The trend of charcoal everything—lemonade! lattes! soft serve!—for supposed detox benefits might sound like it has science on its side, but it’s actually a pretty bad idea.
For the uninitiated, activated charcoal isn’t the stuff in your BBQ, and you won’t find it in any naturally occurring foods either. It’s a byproduct you get after burning coconut shells and other plant-based materials. Scientifically speaking, activated charcoal has a negative charge, which, if you were listening during high school chemistry class, means it can bind to positively-charged ions.
It’s for that reason that activated charcoal is often used in ERs to counteract drug overdoses. It clings to some medications and, if administered within a certain timeframe, can prevent those medications from doing damage by quickly removing them from the body. In theory, you could call that a “detox”—and many alternative health practitioners have taken that idea and run with it—but it doesn’t translate quite like that to people who aren’t suffering from an overdose. The idea of using activated charcoal to flush out ‘toxins’ from your body is pure B.S. It just doesn’t work that way. I always find it funny when I ask people which ‘toxins’ they want to rid their body of—they can’t really answer. Your body actually does a great job of removing waste products on its own. If you have working kidneys and a liver, you’re fine—that’s their purpose!
So I’m not exaggerating when I say I’m legit alarmed when I see someone walking down the street drinking a charcoal lemonade or a goth latte or… oh dear, someone even made charcoal beer. Here’s a recent Instagram round-up of the charcoal craze:
Sure, charcoal looks pretty. But it can actually be harmful to your health. Here’s how.
It can interfere with your birth control and other medications
The very same reason why charcoal is used in poisonings—to absorb huge doses of medications—can also be the reason why it’s not safe in everyday life, because it can affect how your prescribed meds work. That means antidepressants, birth control and asthma medications can be thrown into whack by your charcoal lemonade habit. You’re prescribed a certain dose for a reason; if you’re ingesting charcoal on the reg your medications may not be working at full capacity.
It can go down the wrong way
published in the American Journal of Respiratory and Critical Care Medicine, and it details a case of a 34-year-old woman who accidentally aspirated charcoal (meaning, it went down her airway instead of her stomach). The pictures of the inside of her lungs are frightening. Granted, she wasn’t drinking charcoal lemonade, she was given activated charcoal in an ER because of a suspected overdose. Still, the article notes where there is a risk of aspirating charcoal, doctors should avoid administering it. Why? Unlike water, which is mostly safe to aspirate (though we all know that uncomfortable that is), aspirating charcoal will buy you an all-inclusive stay in the ICU with potential lung damage. It’s rare, but should be enough to make you think twice about chugging it.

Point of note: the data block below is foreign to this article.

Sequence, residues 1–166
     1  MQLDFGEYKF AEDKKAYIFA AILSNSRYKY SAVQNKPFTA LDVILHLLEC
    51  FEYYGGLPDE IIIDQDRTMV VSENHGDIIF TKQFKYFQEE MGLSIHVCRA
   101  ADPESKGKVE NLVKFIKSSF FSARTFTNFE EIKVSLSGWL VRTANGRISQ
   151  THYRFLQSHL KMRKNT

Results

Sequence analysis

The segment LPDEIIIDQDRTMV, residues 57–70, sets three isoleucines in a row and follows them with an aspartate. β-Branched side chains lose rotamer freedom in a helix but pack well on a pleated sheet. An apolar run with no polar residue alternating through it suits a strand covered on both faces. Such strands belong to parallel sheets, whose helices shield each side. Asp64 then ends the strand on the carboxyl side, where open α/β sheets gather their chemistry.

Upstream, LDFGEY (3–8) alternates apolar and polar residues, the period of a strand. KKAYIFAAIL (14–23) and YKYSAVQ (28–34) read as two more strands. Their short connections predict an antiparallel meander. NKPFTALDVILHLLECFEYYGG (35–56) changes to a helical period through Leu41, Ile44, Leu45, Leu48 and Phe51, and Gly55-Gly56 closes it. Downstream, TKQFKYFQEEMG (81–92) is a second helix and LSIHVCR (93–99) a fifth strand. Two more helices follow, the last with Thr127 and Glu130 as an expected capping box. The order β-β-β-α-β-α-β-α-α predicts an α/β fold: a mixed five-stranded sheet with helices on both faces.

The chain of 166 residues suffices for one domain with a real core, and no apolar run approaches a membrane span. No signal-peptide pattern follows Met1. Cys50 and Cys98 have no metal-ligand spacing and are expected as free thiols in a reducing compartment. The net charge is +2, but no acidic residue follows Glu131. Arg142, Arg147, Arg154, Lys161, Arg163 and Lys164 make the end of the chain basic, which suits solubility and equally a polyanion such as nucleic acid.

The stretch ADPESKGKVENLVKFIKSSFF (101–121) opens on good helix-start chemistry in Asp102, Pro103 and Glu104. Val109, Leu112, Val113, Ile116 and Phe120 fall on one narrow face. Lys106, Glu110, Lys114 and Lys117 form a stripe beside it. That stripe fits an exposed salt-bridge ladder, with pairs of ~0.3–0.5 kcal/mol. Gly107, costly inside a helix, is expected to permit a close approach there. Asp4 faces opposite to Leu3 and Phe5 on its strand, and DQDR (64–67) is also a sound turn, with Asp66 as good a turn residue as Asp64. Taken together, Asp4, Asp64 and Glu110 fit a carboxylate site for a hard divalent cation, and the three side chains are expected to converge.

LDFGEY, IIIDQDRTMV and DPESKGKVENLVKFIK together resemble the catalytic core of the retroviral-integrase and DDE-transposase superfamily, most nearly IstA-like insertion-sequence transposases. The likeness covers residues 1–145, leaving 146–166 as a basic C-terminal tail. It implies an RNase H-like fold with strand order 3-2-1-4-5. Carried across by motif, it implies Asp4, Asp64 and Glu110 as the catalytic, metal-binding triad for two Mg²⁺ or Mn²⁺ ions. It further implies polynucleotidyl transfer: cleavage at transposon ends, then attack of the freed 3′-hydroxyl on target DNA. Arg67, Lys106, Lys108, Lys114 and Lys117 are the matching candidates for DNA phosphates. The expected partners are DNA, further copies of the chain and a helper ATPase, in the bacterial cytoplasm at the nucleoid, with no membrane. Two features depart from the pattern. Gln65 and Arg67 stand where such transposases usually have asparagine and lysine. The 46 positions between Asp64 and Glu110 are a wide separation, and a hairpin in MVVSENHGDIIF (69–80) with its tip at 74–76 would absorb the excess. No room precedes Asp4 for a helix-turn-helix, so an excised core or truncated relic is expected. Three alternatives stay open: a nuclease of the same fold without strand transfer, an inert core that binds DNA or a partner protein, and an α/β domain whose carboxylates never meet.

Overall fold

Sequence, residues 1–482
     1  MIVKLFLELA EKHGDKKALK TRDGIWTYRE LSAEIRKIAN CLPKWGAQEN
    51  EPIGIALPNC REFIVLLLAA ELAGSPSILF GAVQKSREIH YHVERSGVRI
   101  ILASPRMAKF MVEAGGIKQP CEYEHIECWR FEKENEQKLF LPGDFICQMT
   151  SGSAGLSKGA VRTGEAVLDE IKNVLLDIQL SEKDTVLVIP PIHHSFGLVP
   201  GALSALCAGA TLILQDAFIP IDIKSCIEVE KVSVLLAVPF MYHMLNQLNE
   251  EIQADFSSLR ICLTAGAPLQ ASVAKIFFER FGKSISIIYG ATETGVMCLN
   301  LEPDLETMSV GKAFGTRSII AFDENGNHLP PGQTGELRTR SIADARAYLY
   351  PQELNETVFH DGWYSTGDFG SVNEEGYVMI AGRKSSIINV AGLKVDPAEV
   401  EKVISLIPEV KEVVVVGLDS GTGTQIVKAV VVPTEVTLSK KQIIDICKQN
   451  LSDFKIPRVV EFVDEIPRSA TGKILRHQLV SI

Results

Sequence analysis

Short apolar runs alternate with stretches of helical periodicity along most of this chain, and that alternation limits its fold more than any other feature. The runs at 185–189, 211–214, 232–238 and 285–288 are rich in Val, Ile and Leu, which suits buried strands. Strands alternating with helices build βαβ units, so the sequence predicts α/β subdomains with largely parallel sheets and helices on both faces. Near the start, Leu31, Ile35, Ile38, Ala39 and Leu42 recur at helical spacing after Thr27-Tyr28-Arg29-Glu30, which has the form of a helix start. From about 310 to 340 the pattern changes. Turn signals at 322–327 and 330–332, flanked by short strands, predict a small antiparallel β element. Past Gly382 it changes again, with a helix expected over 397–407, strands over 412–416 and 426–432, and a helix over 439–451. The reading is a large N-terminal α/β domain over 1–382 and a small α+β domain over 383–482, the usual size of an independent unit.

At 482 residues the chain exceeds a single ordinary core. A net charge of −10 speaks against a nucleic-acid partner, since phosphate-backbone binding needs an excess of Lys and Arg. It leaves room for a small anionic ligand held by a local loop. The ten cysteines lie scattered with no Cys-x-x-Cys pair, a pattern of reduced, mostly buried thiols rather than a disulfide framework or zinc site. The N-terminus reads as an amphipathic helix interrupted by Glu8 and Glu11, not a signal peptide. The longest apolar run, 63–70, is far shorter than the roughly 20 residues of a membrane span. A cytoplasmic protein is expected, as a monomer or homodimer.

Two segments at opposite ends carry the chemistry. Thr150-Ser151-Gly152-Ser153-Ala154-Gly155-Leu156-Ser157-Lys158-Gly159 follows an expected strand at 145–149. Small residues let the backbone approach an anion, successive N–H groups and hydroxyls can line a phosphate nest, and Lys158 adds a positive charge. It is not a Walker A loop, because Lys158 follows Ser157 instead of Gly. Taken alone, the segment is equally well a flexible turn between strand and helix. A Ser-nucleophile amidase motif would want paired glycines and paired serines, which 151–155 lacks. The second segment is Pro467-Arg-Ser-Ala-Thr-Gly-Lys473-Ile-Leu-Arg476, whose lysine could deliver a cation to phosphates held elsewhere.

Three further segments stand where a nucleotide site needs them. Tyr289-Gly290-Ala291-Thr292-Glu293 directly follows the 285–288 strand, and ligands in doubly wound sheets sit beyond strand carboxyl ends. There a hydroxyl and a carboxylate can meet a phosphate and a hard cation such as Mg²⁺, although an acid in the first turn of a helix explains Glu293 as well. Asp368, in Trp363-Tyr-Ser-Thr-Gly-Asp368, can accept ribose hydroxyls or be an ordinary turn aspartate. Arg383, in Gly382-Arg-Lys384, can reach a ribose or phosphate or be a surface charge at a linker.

It can cause electrolyte imbalances
Turns out your body isn’t really into the charcoal trend, either. Even though charcoal is touted by some alternative health professionals, naturopaths and holistic nutritionists as helpful for bloating and gastrointestinal issues, this has never been proven, and in fact, the opposite may occur. When you eat or drink charcoal, it can cause side effects like diarrhea, constipation and even intestinal blockages (especially if you subscribe to the school of “more is always better”—it’s not). In these instances, you risk losing quite a bit of fluid, which in turn can cause electrolyte imbalance. This sounds innocuous enough, but in extreme cases, it can mess with your heart rhythms. Scary.
Bottom line: Don’t believe the hype
Aside from the fact that your liver and kidneys already do a great job of removing toxins from your bod, eating or drinking charcoal can be detrimental to your actual health. Please stop believing the hype that your body needs help flushing toxins—it doesn’t—and don’t take unregulated supplements or waste your money on charcoal-based drinks and foods.